Manufacturers of construction and home-related products have been hit at least as hard by the housing recession as their builder customers.
Unfortunately, they expect those business challenges to continue. While most will tell you they haven’t given up on the housing market, they also don’t expect any sustained improvement for a year, if not farther out. “We are not seeing any signs of recovery, and are preparing for the same for the foreseeable future,” says Carlos Guilherme, vice president of sales and marketing for iLevel by Weyerhaeuser, echoing other suppliers' sentiments.
That doesn’t mean, though, that manufacturers are just standing still with their fingers crossed. Some have picked up market share during a recession that has also afforded suppliers the opportunity to “offer new things,” says Marvin Windows’ spokesman John Kirchner, in the form of new products and innovations. The housing downturn has motivated suppliers as well to explore what roles they can play in the replacement, multifamily, commercial, and international markets.
The general consensus among the 10 suppliers contacted for this article is that the American housing market has at least bottomed out, and that some parts of the country have started to recover. “But it’s a bumpy bottom,” observes Tom Halford, Whirlpool’s general manager of contract sales and marketing. In June, Whirlpool permanently closed its plant in Evansville, Ind., which employed 1,000 people, and Halford concedes that the housing market and general economy could still sink lower. However, he is also buoyed by the fact that some residential projects are being financed.
Others also note some economic bright spots. “We’re seeing slight improvements in various markets,” says John Bailey, senior vice president of sales and marketing for ClimateMaster, which makes geothermal heat pump systems. “But this recovery will be a long-term process and depends on consumers’ confidence,” which has been shaken, he says, by “the loss of millions of jobs.”
“With the economy as bad as it is, and the job market as poor as it is, it’s difficult for people to make decisions, which is why demand is so low,” says Tom Riscili, president of Fypon, which supplies molded millwork, trim and columns. “The housing market will recover, but it’s going to be a very slow comeback.”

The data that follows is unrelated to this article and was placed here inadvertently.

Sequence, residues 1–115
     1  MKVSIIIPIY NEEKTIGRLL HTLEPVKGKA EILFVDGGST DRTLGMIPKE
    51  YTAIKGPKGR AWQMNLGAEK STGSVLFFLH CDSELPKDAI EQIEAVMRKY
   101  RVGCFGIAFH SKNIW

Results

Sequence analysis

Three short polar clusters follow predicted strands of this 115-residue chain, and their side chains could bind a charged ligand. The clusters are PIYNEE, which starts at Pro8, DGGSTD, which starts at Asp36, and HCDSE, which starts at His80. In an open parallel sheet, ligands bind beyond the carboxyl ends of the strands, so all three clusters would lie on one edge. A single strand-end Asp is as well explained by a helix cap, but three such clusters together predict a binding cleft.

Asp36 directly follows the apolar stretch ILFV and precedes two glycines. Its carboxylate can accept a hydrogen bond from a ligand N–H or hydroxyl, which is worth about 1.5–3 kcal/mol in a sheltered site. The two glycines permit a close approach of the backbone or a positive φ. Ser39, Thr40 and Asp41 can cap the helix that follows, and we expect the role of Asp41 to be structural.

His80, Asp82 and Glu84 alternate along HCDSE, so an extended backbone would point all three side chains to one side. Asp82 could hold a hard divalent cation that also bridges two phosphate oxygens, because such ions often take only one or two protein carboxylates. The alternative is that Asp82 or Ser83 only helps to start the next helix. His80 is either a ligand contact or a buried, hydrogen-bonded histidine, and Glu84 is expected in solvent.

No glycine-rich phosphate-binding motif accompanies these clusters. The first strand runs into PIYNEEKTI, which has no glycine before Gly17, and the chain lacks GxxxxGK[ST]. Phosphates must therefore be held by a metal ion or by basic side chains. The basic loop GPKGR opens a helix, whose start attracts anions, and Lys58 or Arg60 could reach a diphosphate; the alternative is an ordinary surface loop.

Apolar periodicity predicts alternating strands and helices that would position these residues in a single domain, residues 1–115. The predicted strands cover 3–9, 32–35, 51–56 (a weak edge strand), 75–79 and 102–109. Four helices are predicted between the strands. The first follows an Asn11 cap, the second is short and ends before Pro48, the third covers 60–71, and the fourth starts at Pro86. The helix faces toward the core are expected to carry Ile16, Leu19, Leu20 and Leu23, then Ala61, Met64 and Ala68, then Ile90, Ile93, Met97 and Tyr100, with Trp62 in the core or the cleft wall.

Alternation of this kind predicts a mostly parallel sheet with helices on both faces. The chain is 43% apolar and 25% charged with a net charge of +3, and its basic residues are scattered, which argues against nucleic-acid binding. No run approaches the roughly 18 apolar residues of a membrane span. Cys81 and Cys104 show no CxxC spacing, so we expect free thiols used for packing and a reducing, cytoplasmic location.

David Kohler, president of kitchen and bath fixture manufacturer Kohler Company, feels the same way. “We should all expect business to remain very competitive for the next two years," he says.
A supply chain in disarray
Given their outlooks, some suppliers are wondering just how tethered their businesses should be to new-home construction, and many are considering where else they can garner revenue and profits.
Some are finding signs of life beyond America’s borders. Despite losing $74 million in the quarter ended June 30, USG Corp. reported that its divisions in Canada and Mexico enjoyed increased operating profits. Kirchner says that while Marvin “is always going to be dependent on the U.S. market,” it’s also meeting other countries’ certification standards so that it can grow internationally.
Few building product executives have voiced their frustrations with the housing recession as loudly as Barkley Simpson, chairman of Simpson Manufacturing, who in June told a group of analysts that his company’s growth objective would be to “become less dependent on U.S. housing; we have to do that.”
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In the first quarter of 2010, 27% of Simpson’s sales came from outside of the United States, a record for the company. And as it continues to expand through acquisitions (Simpson has bought 18 companies since 1995), “we are really looking hard in China, which is the wave of the future.” Simpson opened its first plant in China last year and is looking to establish a joint venture there with Chinese partners.
Despite the recession, though, many major suppliers have seen their American market share grow during the housing downturn. Simpson’s slice of the U.S. structural connector market has increased to 70%, from 65% in 2006, according to the company's chairman.
Whirlpool has also gained share, says Halford, partly due to builder consolidation. The recession has so disrupted the industry’s supply chain, too, that builders and contractors “are listening as they never have before,” says Halford, to suggestions about changing supply sources, “even as their disciplined processes for making vendor assignments are tougher than they ever were.”